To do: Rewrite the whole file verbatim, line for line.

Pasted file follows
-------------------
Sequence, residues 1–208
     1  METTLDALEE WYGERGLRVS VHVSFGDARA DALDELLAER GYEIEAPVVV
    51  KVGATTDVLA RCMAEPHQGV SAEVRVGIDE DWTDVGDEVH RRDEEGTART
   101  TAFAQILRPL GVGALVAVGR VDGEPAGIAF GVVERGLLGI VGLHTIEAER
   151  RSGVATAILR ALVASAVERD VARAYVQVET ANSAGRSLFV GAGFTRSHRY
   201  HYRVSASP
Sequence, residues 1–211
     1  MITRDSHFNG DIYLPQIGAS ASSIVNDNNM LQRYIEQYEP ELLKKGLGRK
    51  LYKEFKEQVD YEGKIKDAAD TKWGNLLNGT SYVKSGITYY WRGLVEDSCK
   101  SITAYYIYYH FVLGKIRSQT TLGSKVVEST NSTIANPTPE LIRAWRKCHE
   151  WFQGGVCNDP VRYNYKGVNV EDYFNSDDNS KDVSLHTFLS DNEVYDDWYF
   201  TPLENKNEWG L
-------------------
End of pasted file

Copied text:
Sequence, residues 1–208
     1  METTLDALEE WYGERGLRVS VHVSFGDARA DALDELLAER GYEIEAPVVV
    51  KVGATTDVLA RCMAEPHQGV SAEVRVGIDE DWTDVGDEVH RRDEEGTART
   101  TAFAQILRPL GVGALVAVGR VDGEPAGIAF GVVERGLLGI VGLHTIEAER
   151  RSGVATAILR ALVASAVERD VARAYVQVET ANSAGRSLFV GAGFTRSHRY
   201  HYRVSASP
Sequence, residues 1–211
     1  MITRDSHFNG DIYLPQIGAS ASSIVNDNNM LQRYIEQYEP ELLKKGLGRK
    51  LYKEFKEQVD YEGKIKDAAD TKWGNLLNGT SYVKSGITYY WRGLVEDSCK
   101  SITAYYIYYH FVLGKIRSQT TLGSKVVEST NSTIANPTPE LIRAWRKCHE
   151  WFQGGVCNDP VRYNYKGVNV EDYFNSDDNS KDVSLHTFLS DNEVYDDWYF
   201  TPLENKNEWG L